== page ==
ANIMAL lovers will be getting a rare insight into the workings of Dublin Zoo in a new TV documentary.
The 10-part series, The Zoo, will focus on the daily routines of the zookeepers and 600 animals there.
Cameras followed workers witnessing an endangered animal being born.
An RTE spokesman said: "For this passionate animal care team it takes hard work and dedication to look after some of the world's most endangered animals, but what the job lacks in glamour it certainly makes up for in excitement and drama.
"From the unenviable task of getting a snapping Nile crocodile to hold still for his check-up to the excitement of a baby rhino being born, no two days are ever the same."
This marks the first time that the zoo has allowed such unbridled access to their business in its 180 year existence.
"Over the course of the series a huge cast of captivating animals are featured, from the tiniest pygmy marmosets [and their even tinier babies] to the hulking frame of the white rhinoceros and everything in between, including flamingos, gorillas, turtles, wolves, giraffes, tapirs, penguins, crocodiles, tigers and snow leopards.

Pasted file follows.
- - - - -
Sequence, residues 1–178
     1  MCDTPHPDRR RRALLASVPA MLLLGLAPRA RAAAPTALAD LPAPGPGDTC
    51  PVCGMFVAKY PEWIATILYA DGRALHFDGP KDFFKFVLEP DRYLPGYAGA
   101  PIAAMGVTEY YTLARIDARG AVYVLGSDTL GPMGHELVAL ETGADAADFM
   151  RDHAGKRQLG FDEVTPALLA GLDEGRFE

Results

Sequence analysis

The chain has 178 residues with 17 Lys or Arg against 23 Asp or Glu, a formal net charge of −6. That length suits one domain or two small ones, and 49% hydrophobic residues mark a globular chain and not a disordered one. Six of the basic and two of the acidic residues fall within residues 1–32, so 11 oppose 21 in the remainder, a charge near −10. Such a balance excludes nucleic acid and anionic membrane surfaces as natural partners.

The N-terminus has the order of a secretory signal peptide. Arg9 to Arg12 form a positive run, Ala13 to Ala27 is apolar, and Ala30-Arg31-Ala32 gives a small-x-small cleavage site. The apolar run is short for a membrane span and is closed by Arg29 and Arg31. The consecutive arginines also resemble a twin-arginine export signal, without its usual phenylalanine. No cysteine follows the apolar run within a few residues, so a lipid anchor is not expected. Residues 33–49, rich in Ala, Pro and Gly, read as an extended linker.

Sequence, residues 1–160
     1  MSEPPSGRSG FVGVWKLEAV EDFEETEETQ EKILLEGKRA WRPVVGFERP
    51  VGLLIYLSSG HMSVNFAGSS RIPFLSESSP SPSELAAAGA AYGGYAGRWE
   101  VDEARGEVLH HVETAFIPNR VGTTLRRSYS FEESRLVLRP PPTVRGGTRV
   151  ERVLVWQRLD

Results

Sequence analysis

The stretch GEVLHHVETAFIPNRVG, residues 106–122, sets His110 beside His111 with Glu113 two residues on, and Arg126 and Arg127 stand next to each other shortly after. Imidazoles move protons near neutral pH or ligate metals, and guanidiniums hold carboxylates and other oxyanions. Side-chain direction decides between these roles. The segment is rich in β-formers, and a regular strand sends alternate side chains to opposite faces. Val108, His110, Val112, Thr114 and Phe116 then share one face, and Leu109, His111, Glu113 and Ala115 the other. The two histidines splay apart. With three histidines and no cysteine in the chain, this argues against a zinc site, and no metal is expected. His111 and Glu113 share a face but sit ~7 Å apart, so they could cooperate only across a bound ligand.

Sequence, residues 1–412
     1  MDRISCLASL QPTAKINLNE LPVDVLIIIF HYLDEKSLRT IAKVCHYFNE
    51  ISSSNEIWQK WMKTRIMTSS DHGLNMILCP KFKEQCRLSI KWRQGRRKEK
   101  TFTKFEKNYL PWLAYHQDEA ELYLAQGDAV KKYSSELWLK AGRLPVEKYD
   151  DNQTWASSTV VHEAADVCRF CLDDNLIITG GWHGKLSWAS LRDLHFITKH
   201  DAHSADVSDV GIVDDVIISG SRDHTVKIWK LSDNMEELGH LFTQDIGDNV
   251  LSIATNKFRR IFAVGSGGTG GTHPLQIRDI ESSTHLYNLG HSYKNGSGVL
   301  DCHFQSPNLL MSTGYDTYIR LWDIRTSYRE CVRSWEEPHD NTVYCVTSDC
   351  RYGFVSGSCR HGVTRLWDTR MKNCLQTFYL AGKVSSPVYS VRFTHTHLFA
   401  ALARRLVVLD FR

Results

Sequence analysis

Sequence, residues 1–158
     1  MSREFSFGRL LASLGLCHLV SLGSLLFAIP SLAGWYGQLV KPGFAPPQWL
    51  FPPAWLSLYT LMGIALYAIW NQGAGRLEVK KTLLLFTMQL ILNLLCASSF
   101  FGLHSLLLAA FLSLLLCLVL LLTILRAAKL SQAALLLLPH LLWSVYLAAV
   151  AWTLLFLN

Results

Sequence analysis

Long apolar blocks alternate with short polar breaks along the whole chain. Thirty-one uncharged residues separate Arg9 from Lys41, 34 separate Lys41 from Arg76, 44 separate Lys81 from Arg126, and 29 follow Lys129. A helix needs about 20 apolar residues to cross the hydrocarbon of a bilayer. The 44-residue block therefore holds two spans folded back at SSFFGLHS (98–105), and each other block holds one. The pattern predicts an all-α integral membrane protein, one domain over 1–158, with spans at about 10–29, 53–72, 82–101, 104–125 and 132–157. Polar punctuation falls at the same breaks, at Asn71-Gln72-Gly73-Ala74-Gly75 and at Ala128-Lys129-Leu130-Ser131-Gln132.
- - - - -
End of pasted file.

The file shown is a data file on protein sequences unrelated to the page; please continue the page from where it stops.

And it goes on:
"Viewers will also have an opportunity to see first-hand how the work of Dublin Zoo forms part of a wider global involvement to conserve and protect the animals of the world, as the cameras follow the work of the zookeepers outside Dublin Zoo, from conservation project on the rocky beaches of Louth to zoos in England and France.
"For adults and children alike, The Zoo will provide a unique insight into the functioning of a world class zoo."
During the first episode, viewers will watch minders race to replace a silverback western lowland gorilla who dies unexpectedly at London, leaving their three females without a leader.
Dublin Zoo's adolescent male Kesho seems the ideal candidate to replace him, but he goes through a series of rigorous examinations from some visiting zookeepers.
And after 16 long months, fans will watch Suki the white rhinoceros finally give birth.
These zookeepers' days may be irregular, but reptile expert Garth de Jong has the less than ideal task of examining a Nile crocodile, which has been nursing a hidden injury.
According to the show, "There's only one way for him to have a peek under those scales, and that's by wrestling the crocodile into position."
The Zoo airs on RTE1 on February 4 at 7.30pm